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FORD FOUNDATION GIVES $1 MILLION ENDOWMENT GRANT TO SUPPORT COLLABORATION BETWEEN BARD COLLEGE AND THE AMERICAN SYMPHONY ORCHESTRA
ANNANDALE-ON-HUDSON, N.Y.—Bard College, which has long been recognized as a leader in the advancement and support of the arts and arts education, has received an endowment grant of $1 million from the Ford Foundation to administer for the support and development of the American Symphony Orchestra (ASO).
The endowment grant will help to fund a range of programs of the ASO, which has an established reputation for innovative programming and presentation, initiatives in music education, and the broadening of audiences for orchestral concerts. The grant will also support ongoing and future collaborations between Bard and the ASO relating to programming and educational projects, especially as the opening of Bard’s Performing Arts Center in 2002 draws nearer.
"We are deeply gratified by this strong endorsement of the work of the American Symphony Orchestra and the principle of collaboration between educational institutions and presenters of performing arts outside of the commercial realm," said Leon Botstein, president of Bard College and music director of the American Symphony Orchestra.
"Through this generous grant, the Ford Foundation has demonstrated foresight and an ongoing commitment to supporting the orchestra’s interdisciplinary conception of music and music education," Botstein said, adding, "The grant will strengthen the orchestra’s ability to present its concerts imaginatively and adventurously, both in New York City and eventually at the Bard Performing Arts Center."
In addition, he said, "the grant will help us to develop further a model for colleges and universities which, like Bard, seek to protect and guide the non-commercial art forms that are essential to our culture."
In announcing the grant, Susan V. Berresford, president of the Ford Foundation, said, "We’re pleased to support an orchestra that has helped broaden the repertoire for classical music programming and successfully forged a creative relationship with a leading liberal arts college with particular strengths in the fine and performing arts."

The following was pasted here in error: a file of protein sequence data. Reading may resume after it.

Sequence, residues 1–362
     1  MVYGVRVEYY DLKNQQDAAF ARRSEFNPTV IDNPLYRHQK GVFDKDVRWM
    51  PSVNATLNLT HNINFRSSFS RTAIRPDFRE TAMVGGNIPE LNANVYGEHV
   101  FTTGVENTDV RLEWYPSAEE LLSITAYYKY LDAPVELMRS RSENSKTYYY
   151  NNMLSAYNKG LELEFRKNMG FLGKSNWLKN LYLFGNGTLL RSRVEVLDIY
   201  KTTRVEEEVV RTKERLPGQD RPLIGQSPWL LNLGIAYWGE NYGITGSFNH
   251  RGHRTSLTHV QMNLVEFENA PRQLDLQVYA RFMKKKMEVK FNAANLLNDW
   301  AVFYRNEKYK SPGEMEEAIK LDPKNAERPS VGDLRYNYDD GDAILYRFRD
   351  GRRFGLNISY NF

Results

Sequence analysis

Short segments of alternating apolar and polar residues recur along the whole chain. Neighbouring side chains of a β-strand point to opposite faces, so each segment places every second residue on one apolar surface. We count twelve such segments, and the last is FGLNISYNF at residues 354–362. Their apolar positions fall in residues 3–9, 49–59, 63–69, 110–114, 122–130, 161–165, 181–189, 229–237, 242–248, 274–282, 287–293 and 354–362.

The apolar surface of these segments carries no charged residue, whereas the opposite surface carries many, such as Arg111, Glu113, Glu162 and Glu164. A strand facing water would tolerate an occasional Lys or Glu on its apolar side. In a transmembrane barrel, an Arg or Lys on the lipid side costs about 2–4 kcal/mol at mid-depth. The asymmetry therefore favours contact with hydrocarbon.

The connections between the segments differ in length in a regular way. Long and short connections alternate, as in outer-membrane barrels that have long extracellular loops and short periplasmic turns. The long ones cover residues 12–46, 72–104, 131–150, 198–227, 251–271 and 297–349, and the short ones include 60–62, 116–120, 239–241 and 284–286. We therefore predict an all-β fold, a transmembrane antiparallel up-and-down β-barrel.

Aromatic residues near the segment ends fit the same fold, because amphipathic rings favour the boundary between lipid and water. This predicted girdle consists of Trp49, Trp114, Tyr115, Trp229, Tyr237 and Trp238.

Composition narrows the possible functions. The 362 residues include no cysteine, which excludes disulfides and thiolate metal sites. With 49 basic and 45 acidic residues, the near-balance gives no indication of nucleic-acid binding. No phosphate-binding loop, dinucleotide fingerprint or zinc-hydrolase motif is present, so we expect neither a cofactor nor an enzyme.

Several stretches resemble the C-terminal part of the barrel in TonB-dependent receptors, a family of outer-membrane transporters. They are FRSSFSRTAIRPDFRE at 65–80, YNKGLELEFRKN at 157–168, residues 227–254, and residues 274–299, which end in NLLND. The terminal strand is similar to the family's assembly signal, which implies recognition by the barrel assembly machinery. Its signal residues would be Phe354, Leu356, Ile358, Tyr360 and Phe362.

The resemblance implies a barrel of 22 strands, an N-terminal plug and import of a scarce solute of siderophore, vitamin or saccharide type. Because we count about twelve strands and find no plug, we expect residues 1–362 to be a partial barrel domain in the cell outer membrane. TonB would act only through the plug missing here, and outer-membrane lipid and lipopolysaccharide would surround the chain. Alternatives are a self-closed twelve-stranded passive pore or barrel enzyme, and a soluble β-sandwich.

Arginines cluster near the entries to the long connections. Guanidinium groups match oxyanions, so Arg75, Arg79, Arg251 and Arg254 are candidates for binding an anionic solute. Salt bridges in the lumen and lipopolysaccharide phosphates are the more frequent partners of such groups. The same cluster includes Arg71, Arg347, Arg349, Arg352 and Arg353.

Since his 1992 appointment as music director of the American Symphony Orchestra, Leon Botstein has invigorated New York’s musical life through new conceptions in programming and performance. As the first orchestra to institute thematic programming, and with its original educational publications, preconcert talks and symposia, and educational concert series, the ASO has successfully drawn new and younger audiences to orchestral concerts. The grant will provide substantive new support for these endeavors, according to Lynne Meloccaro, executive director of the ASO. "We are extremely pleased by the Ford Foundation’s generous support, which validates our efforts to explore ways for orchestras and great music to remain effective cultural institutions for current and future audiences," Meloccaro said. "An endowment such as this, which acknowledges that new ways of doing things must be explored, helps immeasurably in securing our continued presentation of daring, inventive programming and quality performances."
Alison Bernstein, vice president, Education, Media, Arts & Culture, The Ford Foundation, said, "Colleges and Universities have a significant and crucial role in nurturing our nation’s cultural resources. We believe that Bard’s leadership deserves to be supported and emulated."
The endowment will be instituted as a challenge grant, in which the American Symphony Orchestra pledges to match the $1 million Ford grant with $2 million to be raised over the next three fiscal years. The completion of the grant will coincide with the opening of Bard’s new 100,000 square foot Performing Arts Center, designed by Frank O. Gehry.
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This event was last updated on 03-02-2001